Market Outlook

The dog days of summer are upon us and the Treasury market appears to be stuck in a five basis points or so trading range after this week’s relatively uneventful auction. The benchmark 10-year and 30-year yields closed at 2.59% and 3.67% last night.

In the municipal market, much has been made in the media about the potential fallout on all Michigan issuers from the Detroit bankruptcy. Saginaw County was the latest casualty this week, as it was forced to pull a $61 million taxable LT G.O. pension obligation issue to avoid paying an exorbitant yield penalty. This Aa3-rated issuer found no taker for its 20 year maturity, even at a proposed +200 spread over 30-year Treasuries (at +200, we estimate the yield penalty to be at least 100 basis points).

Of course, it’s much easier to act like a discriminating buyer when you don’t have any money to spend. After 11 weeks of consecutive outflows, the mutual funds can point to this week’s reduced redemptions as a moral victory of sorts. According to Lipper, weekly reporting muni bond funds experienced $974 million in outflows from for the week of Aug. 7, down sharply from $2.24 billion the previous week. Long-term muni funds accounted for $880 million of the outflows, high-yield funds for $209 million.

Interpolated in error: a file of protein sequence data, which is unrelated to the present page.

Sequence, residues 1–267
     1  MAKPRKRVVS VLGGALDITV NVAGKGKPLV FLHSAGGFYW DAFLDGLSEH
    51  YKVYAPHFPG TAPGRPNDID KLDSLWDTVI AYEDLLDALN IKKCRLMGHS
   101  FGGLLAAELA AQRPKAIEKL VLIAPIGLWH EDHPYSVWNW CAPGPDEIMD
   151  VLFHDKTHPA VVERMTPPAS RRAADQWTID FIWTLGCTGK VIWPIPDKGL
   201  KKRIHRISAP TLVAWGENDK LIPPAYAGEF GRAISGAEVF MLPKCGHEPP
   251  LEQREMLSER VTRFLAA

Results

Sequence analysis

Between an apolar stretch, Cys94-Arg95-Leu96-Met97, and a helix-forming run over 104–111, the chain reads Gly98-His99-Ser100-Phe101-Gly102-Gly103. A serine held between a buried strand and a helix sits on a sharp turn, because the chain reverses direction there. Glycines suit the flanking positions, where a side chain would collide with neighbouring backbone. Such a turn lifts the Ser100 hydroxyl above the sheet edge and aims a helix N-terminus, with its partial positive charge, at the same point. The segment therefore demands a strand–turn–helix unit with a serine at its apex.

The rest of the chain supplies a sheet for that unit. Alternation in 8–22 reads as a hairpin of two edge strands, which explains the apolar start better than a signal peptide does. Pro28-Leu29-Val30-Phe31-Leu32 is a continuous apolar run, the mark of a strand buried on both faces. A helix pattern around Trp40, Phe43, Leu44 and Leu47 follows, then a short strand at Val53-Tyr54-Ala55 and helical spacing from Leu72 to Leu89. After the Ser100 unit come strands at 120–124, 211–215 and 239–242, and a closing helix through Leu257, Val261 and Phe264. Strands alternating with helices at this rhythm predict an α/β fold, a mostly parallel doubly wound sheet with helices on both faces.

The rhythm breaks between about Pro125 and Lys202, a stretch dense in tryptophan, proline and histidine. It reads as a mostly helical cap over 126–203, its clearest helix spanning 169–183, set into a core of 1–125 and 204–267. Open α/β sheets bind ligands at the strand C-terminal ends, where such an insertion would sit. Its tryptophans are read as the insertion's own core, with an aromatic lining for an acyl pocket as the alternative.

The lack of cash certainly didn’t deter those buyers who couldn’t resist the lure of a 7.00% yield on the latest PREPA deal. The latter was reasonably well-received on Wednesday, allowing the underwriters to lower the scale by a very nominal three basis points. Now, the question is: how are these new proud owners of PREPA bonds going to pay for their purchases? What would they sell on the back end of this trade? Would this put some pressure on the secondary market?

Is the Unlimited Tax G.O. Pledge a Relic of the Past?

Call it the Detroit paradox: the decades-long socio-economic decline that culminated in the Motor City’s bankruptcy filing is quite unique in its magnitude. Yet, Detroit’s Chapter 9 has also brought to the fore some universal issues that are likely to affect the entire muni market for years to come.

In most states, a G.O. pledge that’s enhanced with a special revenue pledge will also be relatively bankruptcy-proof.

One of those key issues, as discussed ad nauseam in the financial media, is the City’s attempt to include its Unlimited Tax G.O. bonds in the “unsecured” creditor class. Muni investors have always operated under the assumption that the unlimited tax, full faith and credit pledge is the strongest security one can possibly obtain. Imagine their dismay when they found out that just the opposite may be true if Detroit gets its way: instead of being at the top of a municipal entity’s capital structure, UT G.O. bonds may end up at the bottom if their security is deemed to be a residual claim on municipal resources after all other claims with more specific revenue pledges are satisfied. Furthermore, G.O. debt may end up in the same unsecured creditor class as pension liabilities. If the latter turn out to be constitutionally-protected at the state level, then G.O. bondholders will truly end up at the end of the line.

Looking past the howls of outrage from muni market pundits, it turns out the G.O. pledge was never all that clear-cut in the first place. It’s just that, over decades of tradition and customary practices, muni investors have conveniently chosen to ignore the intricate interplay of state and local tax and debt statutes that underlie any G.O. pledge.